Restaurant Review: The Sophisticated & Delicious Food Of Gemmayze Street
The modern Lebanese restaurant knows just what to do with flatbread and chicken shish, but also with kingfish and beetroot
Cuisine: Modern Lebanese
Address: Shop 16, St Kevin’s Arcade, 183 Karangahape Rd
Drinks: Fully licensed
From the menu: Crudo $22; spring rolls (special) $10; beetroot $12; baba ghanoush $10; flatbread $10; chicken shish $24
For obvious reasons it’s not a great idea for restaurant critics to become friends with restaurant owners but sometimes it happens, no matter how hard you try.
After all, this is New Zealand, not Manhattan; chances are somebody whose business you’re in charge of reviewing will end up moving in next door to you or managing your daughter’s football team.
At that point it gets weirder to avoid them than it does just to hang out and make the best of it. A possibly tricky 800 words to write in Viva is not worth standing by yourself on the other side of the soccer field all season.
All of which is to preface that chef friends of mine (yes, I do have some) tell me that things are looking up, finally, for the industry.
They say that people … well, that you have decided to come out and eat again, and it’s certainly looked that way the last few times I’ve been out. My wife and I biked down the Karangahape Rd cycle lane just before 6pm one Saturday night and many restaurants were already full.
At Gemmayze Street, which doesn’t open until 6pm, a line of floor staff were standing at the ready, like Walmart security guards waiting for the doors to be opened on Black Friday.
We hadn’t booked (for a while there you couldn’t book anywhere, nowadays it’s almost compulsory) but they found us a sweet little table to the side of the arcade and we cleverly got our drinks order in before the nearby group diners even opened their menus.
I strongly recommend the cocktails, served in beautiful glassware and offering small twists on bonafide classics. Victoria’s margarita had a little coriander and something pickle-y going on, which was a good thing because she’s broken more than one bartender in the past insisting that if they’re making the classic three-ingredient version they should use the exact high-lime, high-tequila ratios we use at home.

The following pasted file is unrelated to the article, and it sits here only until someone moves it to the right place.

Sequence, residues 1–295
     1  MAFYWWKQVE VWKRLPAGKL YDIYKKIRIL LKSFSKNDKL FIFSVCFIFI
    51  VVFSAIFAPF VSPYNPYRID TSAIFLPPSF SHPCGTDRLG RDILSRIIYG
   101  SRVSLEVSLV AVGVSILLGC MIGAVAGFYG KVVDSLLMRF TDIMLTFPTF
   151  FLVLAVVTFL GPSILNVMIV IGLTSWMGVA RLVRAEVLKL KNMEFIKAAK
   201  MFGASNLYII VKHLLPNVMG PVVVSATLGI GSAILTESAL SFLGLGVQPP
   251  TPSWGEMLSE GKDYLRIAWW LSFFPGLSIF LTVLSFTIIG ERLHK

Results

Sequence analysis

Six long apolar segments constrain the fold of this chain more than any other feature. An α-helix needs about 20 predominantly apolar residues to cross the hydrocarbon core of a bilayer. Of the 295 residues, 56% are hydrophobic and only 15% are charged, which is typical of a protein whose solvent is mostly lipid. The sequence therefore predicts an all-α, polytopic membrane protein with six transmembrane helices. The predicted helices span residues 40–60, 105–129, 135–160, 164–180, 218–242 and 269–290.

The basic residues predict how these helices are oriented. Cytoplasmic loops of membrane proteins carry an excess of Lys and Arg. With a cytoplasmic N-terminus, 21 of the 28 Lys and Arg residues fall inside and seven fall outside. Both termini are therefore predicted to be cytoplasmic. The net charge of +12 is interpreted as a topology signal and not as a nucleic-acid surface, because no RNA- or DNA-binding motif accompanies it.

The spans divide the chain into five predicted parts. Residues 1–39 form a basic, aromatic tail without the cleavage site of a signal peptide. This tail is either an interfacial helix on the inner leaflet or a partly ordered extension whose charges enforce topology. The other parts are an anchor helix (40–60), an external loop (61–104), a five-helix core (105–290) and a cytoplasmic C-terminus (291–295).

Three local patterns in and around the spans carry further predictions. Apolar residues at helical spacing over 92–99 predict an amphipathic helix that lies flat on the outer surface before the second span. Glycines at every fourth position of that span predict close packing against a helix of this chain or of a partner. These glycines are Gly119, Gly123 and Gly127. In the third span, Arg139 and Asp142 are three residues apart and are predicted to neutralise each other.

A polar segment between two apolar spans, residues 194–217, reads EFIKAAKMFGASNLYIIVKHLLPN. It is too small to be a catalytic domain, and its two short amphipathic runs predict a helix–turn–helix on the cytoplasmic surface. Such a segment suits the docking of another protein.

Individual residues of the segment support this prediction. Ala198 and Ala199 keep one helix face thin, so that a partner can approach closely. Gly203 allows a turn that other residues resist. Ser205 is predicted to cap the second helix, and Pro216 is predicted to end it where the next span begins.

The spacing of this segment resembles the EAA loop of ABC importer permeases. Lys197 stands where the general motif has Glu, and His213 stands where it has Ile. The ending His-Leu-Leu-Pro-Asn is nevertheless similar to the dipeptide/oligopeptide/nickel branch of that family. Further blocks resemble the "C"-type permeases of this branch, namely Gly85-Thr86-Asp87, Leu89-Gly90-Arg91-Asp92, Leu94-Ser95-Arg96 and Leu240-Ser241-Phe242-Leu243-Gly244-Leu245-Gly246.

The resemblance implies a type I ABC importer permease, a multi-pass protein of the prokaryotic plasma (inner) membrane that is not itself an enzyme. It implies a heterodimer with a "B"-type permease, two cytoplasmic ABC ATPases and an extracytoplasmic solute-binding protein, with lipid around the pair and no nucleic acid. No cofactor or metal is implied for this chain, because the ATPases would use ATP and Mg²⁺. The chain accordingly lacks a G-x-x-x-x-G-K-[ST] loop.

Gemmayze Street has become such a beloved part of the Auckland scene that, although I monstered plenty of their takeaways during lockdown, I wanted to come back and enjoy myself in person here, having had a first visit in 2016 that was disappointing for reasons no longer relevant enough to recount.
Sometimes I approach a restaurant with no idea how good it’ll be but this wasn’t one of those times — I was sure I would love it, and I did (I recently had a conversation with former New York Times critic Frank Bruni who told me he always arrived to dinner expecting to have a good time, because that’s what the people you’re writing for do; I love this philosophy, so do drop me a reminder note if you ever sense pessimism or crabbiness creeping into this column).
The menu is very exciting — more sophisticated and less traditional than I’d remembered — and, when it arrives, the food looks and tastes even better than it was described.
The staff are wonderful too — warm and smart and hip without ever making you feel like you’re not cool enough to be there.
I’d happily send my parents to eat here despite the crowd trending young (I didn’t check everybody head to toe but I’m pretty sure on the night we visited we were the only diners without tattoos).
My editor at Viva makes fun of me for always requesting photography of sashimi and I’m afraid I have to be a punchline for her again this week because this raw fish is wonderful — the best I’ve eaten this year and the sort of thing that makes a restaurant famous. Kingfish is everywhere but the texture seemed different here — unusually firm to the bite but without any chewiness.
It came with a creamy green thing I later found out was not avocado but “pistachio muhammara”, a bright herby oil, fragments of pickled onion and a sour/sweet drizzle of, was it, pomegranate syrup?
They recommended flatbread (salted and sweetened with kumara) with our baba ghanoush and I’m so glad we listened — every other dish came with a sauce so delicious we would otherwise have found ourselves eating the last of it off our fingertips.
Bright red beetroot; orange-stained oil with the chicken; the green remains under that crudo — then a red cashew cream at the base of spinach, pistachio and mozzarella spring rolls, the sort of meat-free dish so good that you find yourself thinking, “Wow, if I was vegetarian I could still eat this.”
The desserts looked good too though I confess we stopped at my fave-of-faves Pici on the way out, to pick up some of their olive oil cheesecake. They were rammed too, so God bless you all for coming out and spending your money.
And, if you’ve been staying home waiting for the right time to return to the city, then Gemmayze Street, with plenty of circulating air under the high ceilings of St Kevin’s Arcade, is as safe a place as any to dip your toes back into the water.
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